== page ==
Do you know about the operational knowledge gap? This is a real test for entrepreneurs

How entrepreneurs conduct their business is one of the key determinants of success or failure. File photo.

How entrepreneurs conduct their business is one of the key determinants of success or failure. File photo.

Published Jul 11, 2024


The entrepreneurship sector is often touted as a huge source for employment and economic growth in South Africa, but small businesses are beset by high failure rates. “The small and medium enterprise (SME) sector currently contributes 39% to South Africa’s GDP, but the failure rate is between 50% - 95% depending on the industry. “The average failure rate for SMEs is 75%,” according to Vuyelwa Nyakaza, Managing Director of Sukume Consulting, a consultancy that focuses on SME development in South Africa and across the continent.

The conversations around entrepreneurship are often focused on external factors impacting small businesses such as the country’s sluggish economy or infrastructure challenges. However, how entrepreneurs conduct their business is one of the key determinants of success or failure.

There are various factors that contribute to the failure of entrepreneurs. Through her extensive work with entrepreneurs, Nyakaza believes that some of the biggest challenges facing the sector is limited knowledge, technical skills and a lack of wise and implementable/practical advice or mentorship.

Limited Sector Knowledge

One of the trends Nyakaza has picked up while working with entrepreneurs is that they have limited knowledge of the sector they have chosen to operate in, and this impacts how they run the business. According to Nyakaza, very few entrepreneurs invest the time and effort to understand what basic dynamics of the industry can sometimes be that they are involved in.

For example, sectors like agriculture, hospitality and fashion are highly influenced by seasonality. Understanding the trends and fluctuations of one’s business is important for cash flow management. This is because the cost model is the same even though the revenue is seasonal. Business owners need to ensure that their cash flow projections accommodate for the lower demand cycles. “It is these types of mistakes that entrepreneurs make and once they are on the backfoot, make it harder for them to stay afloat,” explained Nyakaza.

Technical financial skills gap

In her work with entrepreneurs Nyakaza has listed skills and training along with cash flow management as two key challenges faced by the SME sector. The 2023 Momentum SMME and Side Hustle report also listed similar challenges for the self-employed and business owners. The report describes the self-employed as those who create the job or are the job and business owners as those who have others working for them.

For the self-employed, 34% said that good financial understanding is one of the top five needs for them to reach their business ambitions. Those who are business owners, 35% had a need for financial planning, forecasting and budgeting, while 34% also listed good financial understanding as a need to achieve their business ambitions. As the business grows and scales up – the need for technical financial skills becomes increasingly imperative for the success of the business.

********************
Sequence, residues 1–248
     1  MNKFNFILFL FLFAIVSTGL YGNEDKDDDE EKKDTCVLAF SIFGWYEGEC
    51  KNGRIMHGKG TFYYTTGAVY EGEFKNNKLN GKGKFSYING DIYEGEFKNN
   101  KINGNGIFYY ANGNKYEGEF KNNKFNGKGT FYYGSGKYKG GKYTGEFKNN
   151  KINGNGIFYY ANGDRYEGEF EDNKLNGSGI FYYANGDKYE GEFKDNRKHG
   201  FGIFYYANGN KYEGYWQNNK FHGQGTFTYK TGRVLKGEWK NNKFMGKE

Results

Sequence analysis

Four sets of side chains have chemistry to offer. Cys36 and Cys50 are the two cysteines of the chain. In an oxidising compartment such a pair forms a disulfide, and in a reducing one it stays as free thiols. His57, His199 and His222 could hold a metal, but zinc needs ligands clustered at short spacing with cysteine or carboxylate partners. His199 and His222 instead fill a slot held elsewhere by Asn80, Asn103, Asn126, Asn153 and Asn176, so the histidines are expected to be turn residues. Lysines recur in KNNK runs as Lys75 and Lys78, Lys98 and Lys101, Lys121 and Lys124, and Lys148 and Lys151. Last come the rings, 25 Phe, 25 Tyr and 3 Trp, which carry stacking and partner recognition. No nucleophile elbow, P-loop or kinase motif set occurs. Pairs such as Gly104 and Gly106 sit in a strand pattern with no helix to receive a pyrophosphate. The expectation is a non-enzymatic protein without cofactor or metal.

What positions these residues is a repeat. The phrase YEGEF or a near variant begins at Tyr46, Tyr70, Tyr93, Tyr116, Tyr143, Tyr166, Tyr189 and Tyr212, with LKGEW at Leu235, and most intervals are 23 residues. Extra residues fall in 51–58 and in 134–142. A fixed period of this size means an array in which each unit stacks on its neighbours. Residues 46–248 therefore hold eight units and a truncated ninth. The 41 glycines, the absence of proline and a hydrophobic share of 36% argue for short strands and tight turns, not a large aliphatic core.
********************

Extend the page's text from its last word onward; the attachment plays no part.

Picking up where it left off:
Value of the right advice

Nyakaza believes that business coaching or business development services (BDS) is a vital input for entrepreneurs to build stronger, more efficient and more profitable businesses. She said that some entrepreneurs undervalue the importance of sound business advice as a tool to help their businesses to grow. This is because they get caught up in the hustle to deliver, i.e., working in and not also working on their businesses.

“You need someone to look at your business objectively and interrogate your strategic and operational approach to better your business,” she added.

Executive Head of Momentum Brand Marketing Qhawekazi Mdikane particularly underscored the value of the right financial advice for entrepreneurs.

“For most entrepreneurs, especially as they start out, their earning potential is directly proportional to the time that they put in. So, if they are unable to work due to sickness or age, it will have a direct effect on their ability to make money. If they fall ill, they do not have the luxury of getting paid for sick leave. In addition, if their assets are stolen or damaged, it can impact on their ability to earn an income. So, the right financial advice and insurance product to protect themselves, employees, and families is crucial,” said Mdikane.

“Another big challenge facing the SME sector is access to capital and funding. A lot of entrepreneurs decide to fund their businesses themselves often using their pension and retirement savings,” Nyakaza added. This means that when entrepreneurs start businesses, the line between personal and business finances is often blurred. This can have devasting repercussions for their personal finances and savings, so advice is very important,” Nyakaza said.

“We understand the pressure of being an entrepreneur and facing the current realities in our country. This can overshadow other priorities and aspects of the entrepreneurial journey such as making sure you consider all the risk involved in starting and operating a business yourself,” Mdikane said. Through Momentum’s partnership with Sukume Consulting and the achievement of the collaboration, she agreed that expert business and financial advice has really helped entrepreneurs on their journey to success.

Momentum runs an annual Big Success for Entrepreneurs campaign that encourages entrepreneurs to prioritise expert business and financial advice in their operations. This includes a competition where entrepreneurs can win a share of R1 million accompanied by business development services or business coaching provided by Sukume Consulting.